Kneeling is a posture of reverence and worship. Kneeling expresses humility, repentance, or surrender to the mercy of another. The Hebrews considered knee as a symbol of strength. So, bending the knee represents one’s surrender before the Almighty.
At the dedication of the Temple of Jerusalem, “Solomon knelt in the presence of the whole assembly of Israel and stretched forth his hands toward heaven” (2 Chr 6:13).
According to Psalm 95:6-7, kneeling and bowing down are forms of worship before God who shepherd us.
In Isaiah 45:23, the Lord says: “To me every knee shall bend; by me every tongue shall swear.”
Daniel had a “custom of going home to kneel in prayer and give thanks to his God in the upper chamber three times a day, with the windows open toward Jerusalem” (Dan 6:11).
After return to Jerusalem from Babylonian exile, Ezra kneeled in prayer. “Then, at the time of the evening sacrifice, I rose in my wretchedness, and with cloak and mantle torn I fell on my knees, stretching out my hands to the LORD, my God” (Ezra 9:5).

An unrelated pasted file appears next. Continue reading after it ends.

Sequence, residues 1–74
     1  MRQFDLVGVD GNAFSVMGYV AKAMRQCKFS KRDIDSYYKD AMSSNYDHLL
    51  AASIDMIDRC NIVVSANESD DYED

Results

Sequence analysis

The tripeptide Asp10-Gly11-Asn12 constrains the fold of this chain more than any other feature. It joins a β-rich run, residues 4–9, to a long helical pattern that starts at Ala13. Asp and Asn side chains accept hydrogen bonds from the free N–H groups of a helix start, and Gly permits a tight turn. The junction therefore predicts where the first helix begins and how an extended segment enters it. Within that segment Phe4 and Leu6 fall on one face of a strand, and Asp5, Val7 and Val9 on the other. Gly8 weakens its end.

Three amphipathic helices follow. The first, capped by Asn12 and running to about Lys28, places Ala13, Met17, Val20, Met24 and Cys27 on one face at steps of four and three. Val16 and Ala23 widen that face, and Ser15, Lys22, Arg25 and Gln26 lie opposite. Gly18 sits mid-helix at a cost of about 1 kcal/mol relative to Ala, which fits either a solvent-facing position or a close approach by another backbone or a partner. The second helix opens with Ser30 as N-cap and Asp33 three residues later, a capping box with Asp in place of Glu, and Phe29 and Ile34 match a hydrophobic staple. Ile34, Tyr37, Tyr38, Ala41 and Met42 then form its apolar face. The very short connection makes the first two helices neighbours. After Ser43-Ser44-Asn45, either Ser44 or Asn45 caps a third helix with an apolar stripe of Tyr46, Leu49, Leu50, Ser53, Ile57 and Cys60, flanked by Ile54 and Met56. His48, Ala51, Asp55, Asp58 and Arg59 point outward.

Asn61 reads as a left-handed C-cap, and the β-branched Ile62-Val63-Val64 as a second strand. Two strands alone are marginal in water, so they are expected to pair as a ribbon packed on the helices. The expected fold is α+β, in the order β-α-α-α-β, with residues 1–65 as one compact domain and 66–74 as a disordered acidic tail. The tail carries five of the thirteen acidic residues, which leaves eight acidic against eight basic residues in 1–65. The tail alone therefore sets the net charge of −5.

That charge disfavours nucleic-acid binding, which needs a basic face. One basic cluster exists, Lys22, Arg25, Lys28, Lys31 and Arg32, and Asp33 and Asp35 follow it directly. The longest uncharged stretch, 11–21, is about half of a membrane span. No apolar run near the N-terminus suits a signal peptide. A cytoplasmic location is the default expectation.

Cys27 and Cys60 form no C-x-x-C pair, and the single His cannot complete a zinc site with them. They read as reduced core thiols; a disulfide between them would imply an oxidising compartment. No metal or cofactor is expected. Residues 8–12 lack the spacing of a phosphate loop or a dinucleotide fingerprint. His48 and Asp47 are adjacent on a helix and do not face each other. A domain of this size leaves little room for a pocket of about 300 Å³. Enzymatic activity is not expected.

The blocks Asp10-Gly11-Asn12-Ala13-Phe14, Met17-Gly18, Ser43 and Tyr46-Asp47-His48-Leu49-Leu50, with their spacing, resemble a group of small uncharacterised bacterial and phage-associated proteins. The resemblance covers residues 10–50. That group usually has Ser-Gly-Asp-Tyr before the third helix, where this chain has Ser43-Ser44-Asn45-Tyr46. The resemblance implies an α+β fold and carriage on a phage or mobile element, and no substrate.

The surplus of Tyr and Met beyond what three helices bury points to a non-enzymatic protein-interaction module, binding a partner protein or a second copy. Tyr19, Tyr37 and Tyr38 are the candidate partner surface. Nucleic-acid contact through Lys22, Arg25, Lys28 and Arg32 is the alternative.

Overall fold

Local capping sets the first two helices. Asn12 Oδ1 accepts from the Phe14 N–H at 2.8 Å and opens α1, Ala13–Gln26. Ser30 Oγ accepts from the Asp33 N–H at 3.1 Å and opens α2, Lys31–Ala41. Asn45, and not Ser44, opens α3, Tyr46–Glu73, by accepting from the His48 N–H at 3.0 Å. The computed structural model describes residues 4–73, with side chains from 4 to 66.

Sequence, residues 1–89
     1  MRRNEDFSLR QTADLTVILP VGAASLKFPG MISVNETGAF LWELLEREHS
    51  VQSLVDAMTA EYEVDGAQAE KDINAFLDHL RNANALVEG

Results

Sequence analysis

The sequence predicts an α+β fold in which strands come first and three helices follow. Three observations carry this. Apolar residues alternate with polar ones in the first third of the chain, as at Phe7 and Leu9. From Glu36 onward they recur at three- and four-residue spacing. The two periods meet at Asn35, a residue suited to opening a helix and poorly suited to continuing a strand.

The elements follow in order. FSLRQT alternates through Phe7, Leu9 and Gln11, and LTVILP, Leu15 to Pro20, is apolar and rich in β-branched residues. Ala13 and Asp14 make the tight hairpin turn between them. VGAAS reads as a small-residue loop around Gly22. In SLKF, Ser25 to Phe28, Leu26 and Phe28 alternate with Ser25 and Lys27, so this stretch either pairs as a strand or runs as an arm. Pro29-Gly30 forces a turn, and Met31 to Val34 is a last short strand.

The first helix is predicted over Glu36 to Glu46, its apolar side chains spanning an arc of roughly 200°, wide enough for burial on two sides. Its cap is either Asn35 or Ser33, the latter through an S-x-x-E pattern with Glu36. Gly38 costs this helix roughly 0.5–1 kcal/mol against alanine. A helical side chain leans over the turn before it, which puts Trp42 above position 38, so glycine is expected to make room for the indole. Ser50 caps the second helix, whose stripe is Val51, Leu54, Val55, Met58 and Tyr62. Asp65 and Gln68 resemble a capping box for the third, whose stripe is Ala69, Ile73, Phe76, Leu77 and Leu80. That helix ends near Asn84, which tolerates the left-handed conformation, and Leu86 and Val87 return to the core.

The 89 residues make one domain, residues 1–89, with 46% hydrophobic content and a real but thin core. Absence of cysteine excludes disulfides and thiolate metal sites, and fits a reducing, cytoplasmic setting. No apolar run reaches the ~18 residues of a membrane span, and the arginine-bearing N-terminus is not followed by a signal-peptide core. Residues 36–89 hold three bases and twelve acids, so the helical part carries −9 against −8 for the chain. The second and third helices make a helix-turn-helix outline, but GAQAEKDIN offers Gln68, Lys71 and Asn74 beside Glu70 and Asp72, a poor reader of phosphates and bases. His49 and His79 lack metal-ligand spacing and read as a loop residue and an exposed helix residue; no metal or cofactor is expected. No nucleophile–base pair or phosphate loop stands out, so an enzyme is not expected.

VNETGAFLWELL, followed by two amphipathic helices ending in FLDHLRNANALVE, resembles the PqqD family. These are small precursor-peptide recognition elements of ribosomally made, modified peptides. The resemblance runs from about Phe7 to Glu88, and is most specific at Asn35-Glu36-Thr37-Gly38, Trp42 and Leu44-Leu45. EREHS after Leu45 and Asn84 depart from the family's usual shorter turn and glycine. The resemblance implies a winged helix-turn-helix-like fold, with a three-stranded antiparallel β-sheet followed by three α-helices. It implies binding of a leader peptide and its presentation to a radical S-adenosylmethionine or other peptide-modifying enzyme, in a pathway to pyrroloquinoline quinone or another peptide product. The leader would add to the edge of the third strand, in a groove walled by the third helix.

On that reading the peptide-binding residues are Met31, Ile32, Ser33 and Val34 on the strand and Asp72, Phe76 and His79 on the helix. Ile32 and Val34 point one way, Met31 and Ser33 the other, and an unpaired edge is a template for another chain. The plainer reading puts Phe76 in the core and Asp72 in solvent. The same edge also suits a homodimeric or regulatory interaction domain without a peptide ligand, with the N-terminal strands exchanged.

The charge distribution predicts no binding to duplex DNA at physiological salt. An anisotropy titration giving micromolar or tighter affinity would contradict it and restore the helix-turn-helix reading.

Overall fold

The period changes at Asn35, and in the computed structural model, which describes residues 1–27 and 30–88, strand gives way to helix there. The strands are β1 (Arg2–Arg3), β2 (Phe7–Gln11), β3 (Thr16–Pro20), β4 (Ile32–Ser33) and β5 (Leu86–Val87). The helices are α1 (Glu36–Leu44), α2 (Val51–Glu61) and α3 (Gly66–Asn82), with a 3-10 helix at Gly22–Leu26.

During the public ministry of Jesus, people who sought his help kneeled before him as a sign of their devotion.
When Simon Peter had a miraculous catch of fish before Jesus called him, “he fell at the knees of Jesus and said, ‘Depart from me, Lord, for I am a sinful man’” (Lk 5:8).
Jesus himself prayed on his knees at the Garden of Gethsemane before his passion and crucifixion (Lk 22:41).
Stephen (Acts 7:60), Peter (Acts 9:40), Paul (Acts 20:36) and the early Christian Community (Acts 21:5) used to pray on their knees. So, kneeling is a biblical posture of prayer and surrender before God.
As part of liturgical worship, we kneel before the Lord. Let us do it with the correct understanding of this posture. Kneeling is a posture of reverence and worship. The Lord is our strength, and we are under his divine providence. Let us be humble, repentant of our sins, and surrender to the mercy of God.